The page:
I love good World War II stories. They are always fascinating—although (too) often sad and dramatic. Sometimes, though, they are simply amazing. Like the tale of Ronald Brown, a soldier who stepped on a land mine in France and lived in silent pain with a shocking 6 ounces (170 grams) of shrapnel in his knee. He didn't mention it once.
It was August 1944. The mine exploded just under him, filling his leg with shrapnel. The doctors decided to leave it there, but he never told the whole story to his family, who believed he only had a bit of metal in his knee. Talking to the Daily Telegraph his granddaughter said that Robert "never spoke much about the war... When we were very young he used to tell us not to sit on his knee because of the wound."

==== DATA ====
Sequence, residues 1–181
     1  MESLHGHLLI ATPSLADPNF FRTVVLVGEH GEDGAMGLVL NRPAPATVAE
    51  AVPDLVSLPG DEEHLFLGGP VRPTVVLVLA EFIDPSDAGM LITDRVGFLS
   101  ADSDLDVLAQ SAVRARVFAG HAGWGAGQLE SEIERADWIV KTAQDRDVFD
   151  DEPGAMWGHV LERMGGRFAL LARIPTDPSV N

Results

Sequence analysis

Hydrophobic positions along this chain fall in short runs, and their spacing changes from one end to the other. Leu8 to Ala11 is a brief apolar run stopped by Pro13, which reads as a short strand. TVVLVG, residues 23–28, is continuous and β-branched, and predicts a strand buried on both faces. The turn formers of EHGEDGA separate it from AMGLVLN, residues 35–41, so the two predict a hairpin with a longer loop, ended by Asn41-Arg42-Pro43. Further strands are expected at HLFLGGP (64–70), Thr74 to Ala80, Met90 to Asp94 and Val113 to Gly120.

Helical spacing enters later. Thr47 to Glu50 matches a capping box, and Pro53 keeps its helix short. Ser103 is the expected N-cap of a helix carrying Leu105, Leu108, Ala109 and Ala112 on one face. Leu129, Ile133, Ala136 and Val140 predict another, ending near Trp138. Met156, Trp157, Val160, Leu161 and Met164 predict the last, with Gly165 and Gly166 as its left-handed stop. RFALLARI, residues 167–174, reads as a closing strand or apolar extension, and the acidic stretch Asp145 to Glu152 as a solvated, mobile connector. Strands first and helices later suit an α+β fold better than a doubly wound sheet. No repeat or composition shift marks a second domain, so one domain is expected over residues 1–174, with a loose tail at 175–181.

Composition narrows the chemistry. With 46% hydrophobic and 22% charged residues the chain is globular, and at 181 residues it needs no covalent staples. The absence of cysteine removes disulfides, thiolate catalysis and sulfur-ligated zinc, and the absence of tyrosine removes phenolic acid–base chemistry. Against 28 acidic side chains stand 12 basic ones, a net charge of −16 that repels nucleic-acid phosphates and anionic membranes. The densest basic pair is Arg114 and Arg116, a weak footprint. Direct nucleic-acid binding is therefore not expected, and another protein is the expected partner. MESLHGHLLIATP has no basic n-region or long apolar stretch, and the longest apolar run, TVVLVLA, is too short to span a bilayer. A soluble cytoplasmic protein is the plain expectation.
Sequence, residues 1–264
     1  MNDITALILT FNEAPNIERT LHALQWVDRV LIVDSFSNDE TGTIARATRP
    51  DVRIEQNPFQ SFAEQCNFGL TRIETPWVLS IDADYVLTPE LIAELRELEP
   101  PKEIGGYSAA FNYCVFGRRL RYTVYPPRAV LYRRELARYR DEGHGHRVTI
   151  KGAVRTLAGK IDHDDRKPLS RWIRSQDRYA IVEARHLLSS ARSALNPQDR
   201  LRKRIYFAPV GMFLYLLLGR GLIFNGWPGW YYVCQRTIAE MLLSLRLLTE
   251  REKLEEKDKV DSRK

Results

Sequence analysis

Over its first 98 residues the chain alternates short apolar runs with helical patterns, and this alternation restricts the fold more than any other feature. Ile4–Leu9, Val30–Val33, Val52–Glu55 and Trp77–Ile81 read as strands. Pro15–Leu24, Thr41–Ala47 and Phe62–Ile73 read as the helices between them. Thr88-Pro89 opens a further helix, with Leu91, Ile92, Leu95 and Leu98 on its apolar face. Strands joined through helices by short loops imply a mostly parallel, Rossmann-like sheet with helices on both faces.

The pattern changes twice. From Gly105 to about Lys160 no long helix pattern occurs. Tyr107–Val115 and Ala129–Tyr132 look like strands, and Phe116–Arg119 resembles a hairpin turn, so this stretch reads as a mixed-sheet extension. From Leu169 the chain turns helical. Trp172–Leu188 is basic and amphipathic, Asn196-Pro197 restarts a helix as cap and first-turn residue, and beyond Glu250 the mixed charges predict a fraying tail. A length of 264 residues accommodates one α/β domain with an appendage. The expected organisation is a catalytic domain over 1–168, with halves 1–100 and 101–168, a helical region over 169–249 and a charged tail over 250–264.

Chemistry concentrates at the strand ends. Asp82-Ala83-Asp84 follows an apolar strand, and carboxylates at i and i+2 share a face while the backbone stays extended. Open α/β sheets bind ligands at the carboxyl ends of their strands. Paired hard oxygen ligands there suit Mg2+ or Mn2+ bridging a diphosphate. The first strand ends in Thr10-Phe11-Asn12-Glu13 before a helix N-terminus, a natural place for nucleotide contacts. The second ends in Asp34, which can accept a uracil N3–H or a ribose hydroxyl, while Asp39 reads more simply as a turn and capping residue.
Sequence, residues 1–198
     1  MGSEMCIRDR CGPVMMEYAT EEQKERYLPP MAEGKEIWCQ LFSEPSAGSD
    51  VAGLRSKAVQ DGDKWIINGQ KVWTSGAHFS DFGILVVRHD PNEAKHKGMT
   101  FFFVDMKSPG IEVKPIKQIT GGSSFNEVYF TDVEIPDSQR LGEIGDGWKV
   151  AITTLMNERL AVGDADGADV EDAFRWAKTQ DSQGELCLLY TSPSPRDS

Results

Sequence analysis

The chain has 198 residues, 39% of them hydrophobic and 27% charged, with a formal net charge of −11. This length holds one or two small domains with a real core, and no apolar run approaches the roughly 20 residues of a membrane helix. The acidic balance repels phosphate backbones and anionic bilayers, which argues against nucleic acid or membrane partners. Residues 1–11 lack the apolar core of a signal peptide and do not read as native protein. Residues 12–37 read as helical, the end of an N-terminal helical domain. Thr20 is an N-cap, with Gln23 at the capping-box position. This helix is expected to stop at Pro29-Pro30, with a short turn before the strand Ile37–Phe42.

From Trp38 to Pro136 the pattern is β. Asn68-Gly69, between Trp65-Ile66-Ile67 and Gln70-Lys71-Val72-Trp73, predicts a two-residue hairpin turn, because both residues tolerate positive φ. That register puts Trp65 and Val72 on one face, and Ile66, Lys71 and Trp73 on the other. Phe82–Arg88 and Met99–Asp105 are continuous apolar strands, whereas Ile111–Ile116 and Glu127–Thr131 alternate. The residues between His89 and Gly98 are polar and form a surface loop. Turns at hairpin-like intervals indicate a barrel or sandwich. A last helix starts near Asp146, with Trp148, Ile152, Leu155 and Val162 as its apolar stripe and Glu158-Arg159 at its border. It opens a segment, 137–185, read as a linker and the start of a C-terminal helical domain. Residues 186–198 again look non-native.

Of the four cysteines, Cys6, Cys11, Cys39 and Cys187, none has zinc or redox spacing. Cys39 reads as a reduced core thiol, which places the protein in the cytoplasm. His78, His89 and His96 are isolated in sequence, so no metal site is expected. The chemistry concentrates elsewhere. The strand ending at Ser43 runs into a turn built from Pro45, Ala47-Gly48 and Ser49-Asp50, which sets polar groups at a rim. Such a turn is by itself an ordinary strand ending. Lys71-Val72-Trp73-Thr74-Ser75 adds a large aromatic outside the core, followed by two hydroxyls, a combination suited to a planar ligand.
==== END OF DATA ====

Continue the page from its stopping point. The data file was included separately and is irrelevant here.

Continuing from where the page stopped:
His daughter suspects that he didn't really know that all this could be in his leg: "He'd said there was a bullet in his leg but I was imagining one romantic piece of metal." As you can see in the picture, it was more a fistful of horrible, sharp and spiky metal.
Robert never saw it all collected. The family only found it out after his death, aged 94, when they cremated his body and the funeral home gave them a bag full of these terrible Nazi souvenirs. As his granddaughter told the Telegraph:
It's just macabre really and amazing because he never used to complain about the pain. It just shows how brave he was.
Indeed. [Daily Telegraph]